Introduction to zombie debts
Let’s say an individual acquires a debt, and he is unable to pay for a long time due to various reasons; this debt may already be uncollectable. If a debt already exceeded the statute of limitation, the creditor may have already given up on collecting, especially if one becomes hard to reach or uncontactable.
A zombie is a dead body but is somehow back to life. We can compare zombie debts to this, where the main idea and concept originated.
Statute of limitation
The statute of limitation is a law that states the maximum time debt collectors can claim or sue people with unpaid debts. This law varies from place to place.
Zombie debt collectors
Recently, there are new groups who purchase these debts that are long forgotten or uncollectable from creditors. After that, they will try to profit by hunting down these debtors and aggressively force them to pay.
For example, a debt collector company pays $3 for a debt that has exceeded its statute of limitation. This debt’s original price is $100, so the company collects the same price of $100 from the debtor. The payment of the loan’s face value is usually very minimal, mostly at 3%. The debtor is not required to pay in legal terms as it is already uncollectable, but these companies can be aggressively overboard.
Most debt collectors will surely pursue if the owed amount exceeds $5000, and some will seek even less. If they sue you for this, you should go to court and explain that this is already an old debt that exceeded the limitation statute. Giving a no show will make the court judge you for the amount that you owe. And more importantly, debt collectors might go to certain extents to find where you work or even where you bank.
Important points to know if a zombie debt collector contacts you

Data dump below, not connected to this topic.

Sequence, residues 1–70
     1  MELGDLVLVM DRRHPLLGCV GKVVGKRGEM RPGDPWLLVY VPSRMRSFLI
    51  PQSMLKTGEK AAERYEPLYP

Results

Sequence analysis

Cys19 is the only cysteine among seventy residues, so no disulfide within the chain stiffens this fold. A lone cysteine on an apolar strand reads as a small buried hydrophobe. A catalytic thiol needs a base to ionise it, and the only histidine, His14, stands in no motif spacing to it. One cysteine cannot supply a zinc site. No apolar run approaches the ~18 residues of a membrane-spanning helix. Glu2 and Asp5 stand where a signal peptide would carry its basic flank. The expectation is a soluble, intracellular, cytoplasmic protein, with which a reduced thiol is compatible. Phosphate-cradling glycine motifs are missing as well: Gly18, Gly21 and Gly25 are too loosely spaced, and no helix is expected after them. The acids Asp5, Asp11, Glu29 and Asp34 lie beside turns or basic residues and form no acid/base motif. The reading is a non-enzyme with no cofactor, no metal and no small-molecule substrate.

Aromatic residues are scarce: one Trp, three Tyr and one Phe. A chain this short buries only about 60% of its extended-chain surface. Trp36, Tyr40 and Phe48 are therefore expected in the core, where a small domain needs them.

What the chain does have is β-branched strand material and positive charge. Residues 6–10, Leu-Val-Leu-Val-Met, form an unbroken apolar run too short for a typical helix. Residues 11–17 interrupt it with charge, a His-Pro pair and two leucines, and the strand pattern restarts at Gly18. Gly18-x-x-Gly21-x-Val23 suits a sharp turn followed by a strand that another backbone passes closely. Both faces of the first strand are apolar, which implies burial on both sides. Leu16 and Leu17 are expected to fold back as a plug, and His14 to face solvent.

It is essential to know how to protect yourself from debt collectors, especially if they have already passed the statute of limitations. Still, the most important is not acknowledging it is yours. Ask them to prove it otherwise if they are pushy.
There are important reasons why you should never claim an old debt. One is, the debtor and you probably only share the same name. This debt might not even be yours in the first place. Second, if claimed, there can be a possibility of reset in the statute of limitation. If the debt became fresh once again, you would make it legal for debt collectors to sue you. Finally, debt collection scam is real, and they exist. It is important not to hand in any information, especially over the phone, not until they give you a written notice that contains the original debt owner’s name, including the owed amount. The Federal Trade Commission suggests this done in three days.
Another option is to send the debt collection company a cease communication letter to stop the calls and harassment. From this moment, only confirmations that they’ve already received the said letter or a piece of information on their next legal action against you are the only reasons they should be able to contact you.